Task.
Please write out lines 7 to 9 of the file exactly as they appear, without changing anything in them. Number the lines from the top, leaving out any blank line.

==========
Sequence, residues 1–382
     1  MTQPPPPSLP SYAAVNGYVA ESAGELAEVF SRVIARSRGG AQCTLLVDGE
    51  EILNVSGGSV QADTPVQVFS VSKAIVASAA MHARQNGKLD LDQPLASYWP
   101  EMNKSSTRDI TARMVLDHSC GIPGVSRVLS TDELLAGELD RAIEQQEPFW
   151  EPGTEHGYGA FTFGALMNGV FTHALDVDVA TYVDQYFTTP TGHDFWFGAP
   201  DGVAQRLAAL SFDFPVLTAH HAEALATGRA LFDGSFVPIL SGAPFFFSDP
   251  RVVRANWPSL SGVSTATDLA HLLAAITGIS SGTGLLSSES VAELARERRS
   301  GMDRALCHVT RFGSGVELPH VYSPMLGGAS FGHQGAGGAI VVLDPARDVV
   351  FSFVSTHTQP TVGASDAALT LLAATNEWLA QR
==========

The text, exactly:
   251  RVVRANWPSL SGVSTATDLA HLLAAITGIS SGTGLLSSES VAELARERRS
   301  GMDRALCHVT RFGSGVELPH VYSPMLGGAS FGHQGAGGAI VVLDPARDVV
   351  FSFVSTHTQP TVGASDAALT LLAATNEWLA QR